When I first started out as a full-time entrepreneur, I found myself doing a lot of makeup lessons with pageant contestants and brides. I’d give them a list of product recommendations at the conclusion of each lesson, but I just had this nagging feeling that I needed to have something of my own—so that I could market it how I wanted to and call all the shots! I knew that if I was going to represent a line I had to know EVERYTHING about it, and if it was something I curated or created, then I would have no problem with that.

CW:

I’m sure there are some readers who are wondering how to even begin that process. Can you share how that works?

MHD:

Sure! I wanted to represent a product that did not have any known toxins in its ingredients but that also covered well. So, I started researching cosmetics manufacturers online and I found a Canadian company with a whole catalogue of cosmetic recipes that they manufacture.

I ordered some samples to test out. I did that for a while until I was ready to go all in with this manufacturer, and at that point I flew to Canada and met with their reps for a day to finalize the formulas, shades, and packaging. From there, the MHD Cosmetics line was born!

mhd beauty and mhd cosmetics

CW:

I love how driven you are and how you just kept going for it at every turn! But I also know that it hasn’t all been easy for you. What have been some struggles or challenges you faced along the way?

MHD:

Well, even though I am a very driven individual, I often consider how others view my success. I wonder what they think about it. I wonder if they think I charge too much. I wonder if they think I’m “too young” to run a legitimate business. I wonder if they think, “Does she really know what she is doing?”

But I listened to the Business Boutique podcast for the first time last year. And then I read the book. Business Boutique really helped me to get out of that mental space, to charge what I am worth, and to enter each client interaction from a place of love and sincerity. It helped me to realize that my business is based on helping people, which is something that I never considered before.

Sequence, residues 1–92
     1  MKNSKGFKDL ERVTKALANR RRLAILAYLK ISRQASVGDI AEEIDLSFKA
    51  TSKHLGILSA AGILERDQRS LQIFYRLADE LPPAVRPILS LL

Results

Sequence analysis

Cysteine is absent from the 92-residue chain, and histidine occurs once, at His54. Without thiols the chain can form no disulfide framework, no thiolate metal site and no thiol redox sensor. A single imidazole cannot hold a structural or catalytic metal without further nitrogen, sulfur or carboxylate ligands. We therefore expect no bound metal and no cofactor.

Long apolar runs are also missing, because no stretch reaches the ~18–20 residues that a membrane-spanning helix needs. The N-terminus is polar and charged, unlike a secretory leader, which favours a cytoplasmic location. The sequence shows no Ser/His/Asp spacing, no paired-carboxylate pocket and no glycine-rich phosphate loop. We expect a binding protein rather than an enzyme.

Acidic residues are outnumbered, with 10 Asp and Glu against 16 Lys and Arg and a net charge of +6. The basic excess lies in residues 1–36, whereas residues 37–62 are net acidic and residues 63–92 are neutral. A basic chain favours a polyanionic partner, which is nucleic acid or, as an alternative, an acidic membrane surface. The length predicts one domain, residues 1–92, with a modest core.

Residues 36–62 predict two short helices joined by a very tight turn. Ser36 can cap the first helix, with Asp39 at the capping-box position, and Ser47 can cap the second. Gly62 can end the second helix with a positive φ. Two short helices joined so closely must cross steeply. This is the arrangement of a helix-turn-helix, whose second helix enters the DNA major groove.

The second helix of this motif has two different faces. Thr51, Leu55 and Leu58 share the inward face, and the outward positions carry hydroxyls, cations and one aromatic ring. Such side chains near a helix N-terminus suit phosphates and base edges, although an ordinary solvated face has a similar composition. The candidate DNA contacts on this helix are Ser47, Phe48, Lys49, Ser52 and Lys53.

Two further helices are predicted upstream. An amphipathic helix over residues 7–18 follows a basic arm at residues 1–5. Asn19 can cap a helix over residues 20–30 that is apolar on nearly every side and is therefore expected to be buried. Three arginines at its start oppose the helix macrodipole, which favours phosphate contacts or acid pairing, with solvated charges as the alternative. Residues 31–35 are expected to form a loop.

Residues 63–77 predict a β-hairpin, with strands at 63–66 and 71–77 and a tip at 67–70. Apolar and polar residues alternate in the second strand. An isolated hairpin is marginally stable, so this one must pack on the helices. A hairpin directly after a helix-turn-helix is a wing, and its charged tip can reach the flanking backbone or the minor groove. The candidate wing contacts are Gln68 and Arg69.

CW:

Girl, you are not alone in wondering those things! Imposter syndrome is real and it can do real damage. I’m so glad you found us and we were able to help you overcome that!

What do you think has been a key to your success?

MHD:

Consistency. I stay on top of my tasks every day so that when I need to relax and step away for a moment, I can.

CW:

What do you do to stay on top of your tasks?

MHD:

My business is pretty seasonal, so when I think about my workload I look at the forest instead of the trees and embrace the down time. I’ve found that I have more time at home, not out doing makeup, during the winter months. It just so happens that January and February are my biggest months for inquiries and bookings, so it works out that I have more time to spend in front of the computer. Plus, I’m able to be off my feet and physically relax!

It also helps to establish office hours. I added them to my email signature so my clients know what to expect. For me, I really value getting a good night’s sleep, so my office hours are 10 a.m. to 6 p.m. I am committed to working on the business during those hours every day.

CW:

I love it! If any of our readers are considering leaving their day job to pursue a dream full time, what advice do you have for them?

MHD:

Be sure to have money saved up—several month’s worth of expenses—and don’t be afraid. When you have all that time suddenly available, you will find a way to fill it with activities that help your business grow!

If you’re like Madison and want to start or grow your own business, I’ll give you the essentials to do just that at my Business Boutique 1-Day events this spring! Get your tickets now in a city near you. And if you use the code BBREADER, you’ll save $10 on any ticket! 

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  • Lindsey says:

    I just started my own cosmetic line this past fall. I am a one-woman show. I have created all my recipes and formulas based on my own research, so I feel very possessive of them. I am worried about growing too much that I have to relinquish control of the product creation to somebody else. How do you hand over production to somebody else without feeling like you have lost part of yourself in the business as a result? A main element of my product appeal is that it is hand crafted.I think this is a major reason I fear growing my business beyond what I can personally do myself.